Students trade spring break for service
“Alternative spring break” has moved into the mainstream. This year, an estimated 85,000 American college students will forgo carefree vacations in favor of service-oriented projects. The number rises about 15 percent annually, according to Break Away, a nonprofit that works with colleges and universities to promote these trips.
Today’s college students see community engagement as a key component of learning, and they’re demanding service-based experiences that enrich and expand their academic perspectives. As a result, alternative breaks aren’t just growing in popularity. Their purpose is evolving too, shifting from the “voluntourism” model that blends vacations with brief, often superficial volunteer projects. The new model requires a fresh perspective – seeing students not as tourists or “saviors” for the underserved, but as partners in creating sustainable change.
Often, that means returning to a community over time. Eight years after Hurricane Katrina, colleges and universities such as Rollins still send teams to rebuild devastated areas of the Gulf (the destination of choice for approximately 50 percent of all alternative breakers). Rollins students have spent more than 15 years working on water-system trenches and purification systems in a Dominican Republic village. And every year, a Rollins team works with underserved children at Every Child Counts, a school focused on children with learning and developmental needs in the Bahamas.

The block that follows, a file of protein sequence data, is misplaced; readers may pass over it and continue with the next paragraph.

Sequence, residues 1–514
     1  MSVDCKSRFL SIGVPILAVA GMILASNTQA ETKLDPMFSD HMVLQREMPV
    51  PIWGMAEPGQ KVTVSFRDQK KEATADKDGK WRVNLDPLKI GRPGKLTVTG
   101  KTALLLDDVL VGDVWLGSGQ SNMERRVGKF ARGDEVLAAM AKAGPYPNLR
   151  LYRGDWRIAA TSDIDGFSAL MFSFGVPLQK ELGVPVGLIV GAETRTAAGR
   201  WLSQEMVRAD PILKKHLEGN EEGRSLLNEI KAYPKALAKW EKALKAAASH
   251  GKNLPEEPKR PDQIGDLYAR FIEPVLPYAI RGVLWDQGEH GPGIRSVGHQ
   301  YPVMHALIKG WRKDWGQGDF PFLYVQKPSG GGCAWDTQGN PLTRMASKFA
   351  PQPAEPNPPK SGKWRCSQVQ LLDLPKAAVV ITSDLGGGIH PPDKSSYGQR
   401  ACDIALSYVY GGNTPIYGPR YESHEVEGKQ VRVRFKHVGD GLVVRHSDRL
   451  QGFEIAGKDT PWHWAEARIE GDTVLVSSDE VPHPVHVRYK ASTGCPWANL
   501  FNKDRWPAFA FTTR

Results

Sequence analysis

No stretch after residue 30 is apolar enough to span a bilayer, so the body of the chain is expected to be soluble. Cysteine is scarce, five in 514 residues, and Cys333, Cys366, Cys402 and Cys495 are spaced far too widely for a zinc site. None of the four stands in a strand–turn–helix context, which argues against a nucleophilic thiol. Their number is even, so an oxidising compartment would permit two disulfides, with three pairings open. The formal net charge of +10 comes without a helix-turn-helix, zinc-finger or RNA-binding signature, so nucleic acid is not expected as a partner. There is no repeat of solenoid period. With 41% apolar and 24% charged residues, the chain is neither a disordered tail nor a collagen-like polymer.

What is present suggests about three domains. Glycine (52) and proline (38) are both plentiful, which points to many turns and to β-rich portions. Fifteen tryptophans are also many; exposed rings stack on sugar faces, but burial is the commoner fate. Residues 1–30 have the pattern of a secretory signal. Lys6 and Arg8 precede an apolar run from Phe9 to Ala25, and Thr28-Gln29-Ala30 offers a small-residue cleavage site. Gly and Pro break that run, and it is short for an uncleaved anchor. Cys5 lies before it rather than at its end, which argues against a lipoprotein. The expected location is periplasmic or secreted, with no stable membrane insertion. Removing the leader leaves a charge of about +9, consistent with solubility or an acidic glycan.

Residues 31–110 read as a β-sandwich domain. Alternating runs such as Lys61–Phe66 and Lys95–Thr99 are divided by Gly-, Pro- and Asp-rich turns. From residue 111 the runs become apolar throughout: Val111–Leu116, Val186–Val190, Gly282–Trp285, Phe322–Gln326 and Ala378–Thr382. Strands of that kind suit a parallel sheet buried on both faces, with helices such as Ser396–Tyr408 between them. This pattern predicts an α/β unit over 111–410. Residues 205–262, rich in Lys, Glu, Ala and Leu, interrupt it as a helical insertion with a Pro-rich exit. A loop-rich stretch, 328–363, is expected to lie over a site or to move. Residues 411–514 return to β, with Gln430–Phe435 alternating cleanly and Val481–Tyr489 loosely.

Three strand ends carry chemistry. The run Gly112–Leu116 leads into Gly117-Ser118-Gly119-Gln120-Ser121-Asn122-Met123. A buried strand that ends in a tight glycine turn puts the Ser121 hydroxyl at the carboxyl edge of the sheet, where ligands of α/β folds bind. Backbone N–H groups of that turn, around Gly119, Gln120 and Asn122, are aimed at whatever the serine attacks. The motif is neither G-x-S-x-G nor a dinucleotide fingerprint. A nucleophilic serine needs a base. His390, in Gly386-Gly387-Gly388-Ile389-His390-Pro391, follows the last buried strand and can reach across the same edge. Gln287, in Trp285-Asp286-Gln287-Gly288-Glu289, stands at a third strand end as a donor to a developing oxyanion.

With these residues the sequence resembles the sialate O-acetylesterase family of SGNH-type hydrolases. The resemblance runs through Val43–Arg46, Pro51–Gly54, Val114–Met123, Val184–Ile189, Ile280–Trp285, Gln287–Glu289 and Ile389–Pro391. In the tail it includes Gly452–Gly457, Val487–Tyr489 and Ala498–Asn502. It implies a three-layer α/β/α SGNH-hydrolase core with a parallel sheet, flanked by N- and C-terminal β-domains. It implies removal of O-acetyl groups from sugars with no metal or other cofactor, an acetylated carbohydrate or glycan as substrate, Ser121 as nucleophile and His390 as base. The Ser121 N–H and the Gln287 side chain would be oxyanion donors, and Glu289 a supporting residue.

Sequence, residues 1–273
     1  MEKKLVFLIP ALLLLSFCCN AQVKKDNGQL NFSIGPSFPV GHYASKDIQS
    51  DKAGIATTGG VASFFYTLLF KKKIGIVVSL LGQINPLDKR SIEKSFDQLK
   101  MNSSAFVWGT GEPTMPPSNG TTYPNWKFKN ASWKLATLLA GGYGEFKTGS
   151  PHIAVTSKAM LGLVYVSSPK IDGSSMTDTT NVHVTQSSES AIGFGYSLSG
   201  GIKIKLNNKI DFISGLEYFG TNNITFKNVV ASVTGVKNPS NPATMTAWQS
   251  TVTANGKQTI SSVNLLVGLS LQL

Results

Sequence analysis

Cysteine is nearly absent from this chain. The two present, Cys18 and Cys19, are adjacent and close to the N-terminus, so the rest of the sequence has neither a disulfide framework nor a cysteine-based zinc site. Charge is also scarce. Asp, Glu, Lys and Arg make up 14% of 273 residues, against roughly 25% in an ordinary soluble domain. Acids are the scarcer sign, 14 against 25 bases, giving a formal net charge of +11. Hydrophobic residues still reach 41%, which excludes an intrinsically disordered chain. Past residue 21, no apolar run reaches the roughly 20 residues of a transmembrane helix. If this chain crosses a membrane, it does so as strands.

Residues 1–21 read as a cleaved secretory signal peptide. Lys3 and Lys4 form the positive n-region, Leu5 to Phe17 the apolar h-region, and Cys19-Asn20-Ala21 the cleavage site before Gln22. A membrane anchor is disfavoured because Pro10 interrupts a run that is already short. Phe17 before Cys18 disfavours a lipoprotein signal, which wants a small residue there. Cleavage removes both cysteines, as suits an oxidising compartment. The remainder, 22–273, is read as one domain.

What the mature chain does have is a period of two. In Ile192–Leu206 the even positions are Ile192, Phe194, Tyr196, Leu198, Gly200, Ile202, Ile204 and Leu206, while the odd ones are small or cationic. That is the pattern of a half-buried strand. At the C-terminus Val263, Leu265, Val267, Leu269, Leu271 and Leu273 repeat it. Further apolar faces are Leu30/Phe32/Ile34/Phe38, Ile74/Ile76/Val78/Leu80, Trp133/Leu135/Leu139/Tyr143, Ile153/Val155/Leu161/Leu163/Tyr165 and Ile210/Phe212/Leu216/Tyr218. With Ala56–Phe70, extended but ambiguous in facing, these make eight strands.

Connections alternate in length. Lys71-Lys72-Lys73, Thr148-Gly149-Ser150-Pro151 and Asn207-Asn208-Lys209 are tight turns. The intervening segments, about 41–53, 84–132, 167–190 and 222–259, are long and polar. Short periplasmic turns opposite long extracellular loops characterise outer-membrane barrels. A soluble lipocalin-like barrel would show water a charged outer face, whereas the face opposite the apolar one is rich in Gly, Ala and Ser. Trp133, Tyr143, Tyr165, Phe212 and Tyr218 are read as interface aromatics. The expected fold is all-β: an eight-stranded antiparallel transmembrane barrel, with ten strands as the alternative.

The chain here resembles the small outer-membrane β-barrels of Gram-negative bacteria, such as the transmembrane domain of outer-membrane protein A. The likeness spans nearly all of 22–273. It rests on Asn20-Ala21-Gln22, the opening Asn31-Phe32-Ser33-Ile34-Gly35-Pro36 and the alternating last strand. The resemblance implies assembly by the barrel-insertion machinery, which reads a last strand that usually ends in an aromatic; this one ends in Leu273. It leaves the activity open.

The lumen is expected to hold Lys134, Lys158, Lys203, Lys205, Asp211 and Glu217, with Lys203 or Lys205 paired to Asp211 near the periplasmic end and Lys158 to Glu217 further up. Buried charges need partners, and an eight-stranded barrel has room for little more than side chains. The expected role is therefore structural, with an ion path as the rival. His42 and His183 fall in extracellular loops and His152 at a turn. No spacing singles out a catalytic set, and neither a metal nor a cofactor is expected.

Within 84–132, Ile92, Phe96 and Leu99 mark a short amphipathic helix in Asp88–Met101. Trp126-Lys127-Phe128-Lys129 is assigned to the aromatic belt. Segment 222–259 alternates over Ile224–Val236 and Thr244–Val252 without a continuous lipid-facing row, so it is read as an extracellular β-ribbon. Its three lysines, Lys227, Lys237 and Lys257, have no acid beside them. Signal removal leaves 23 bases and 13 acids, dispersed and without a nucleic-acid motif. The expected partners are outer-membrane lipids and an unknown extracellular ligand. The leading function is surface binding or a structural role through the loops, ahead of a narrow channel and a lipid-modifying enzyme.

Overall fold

Long-term investments like these empower community members to develop their own solutions. And ideally, the trips spark lifelong passions among students. Rollins student Adrian Cohen was so affected by homeowners he met in New Orleans that he became president of Rollins Relief, leading several trips to the city. After graduation, he returned to New Orleans to work with AmeriCorps on the St. Bernard Project, helping to rebuild the homes and lives of hurricane survivors.
These trips focus on areas where students can make the greatest impact with their time, energy and financial investments, a type of exchange the nonprofit group Amizade calls “fair trade learning.” Fair trade learning is where all members of the experience are equally transformed – by exchanges of information, ideas and resources. At HOPE CommUnity Center in Apopka, students pay $300 to stay in a migrant farmworker’s home for several days and eat local food, making a direct contribution to the family’s livelihood.
These aren’t “feel good” trips. On the contrary, students should return feeling uncomfortable about the realities they’ve witnessed – whether it’s living conditions in West Virginia coal mining towns, high school drop-out rates in Chicago or immigration hearings in the Little Haiti neighborhood of Miami. Only then will students feel the urgency of confronting injustice. The world desperately needs more people with a social conscience, who question the driving forces behind politics and policies, who stand alongside and speak out for the underserved. That’s clear in the growth of the “impact sector,” as nonprofits and corporations alike seek students with global perspectives and a willingness to see their work as a vocation.
Alternative breaks can play an important role in shaping these leaders. But it’s up to students to seize these opportunities, doing the difficult work of planning and reflecting on their experiences. And it’s up to generous community partners to provide funding streams that offer equal access so that every student can have this life-transforming opportunity. With time, alternative breaks won’t be so alternative anymore.
Micki Meyer is the Lord Family Director of Community Engagement at Rollins College in Winter Park.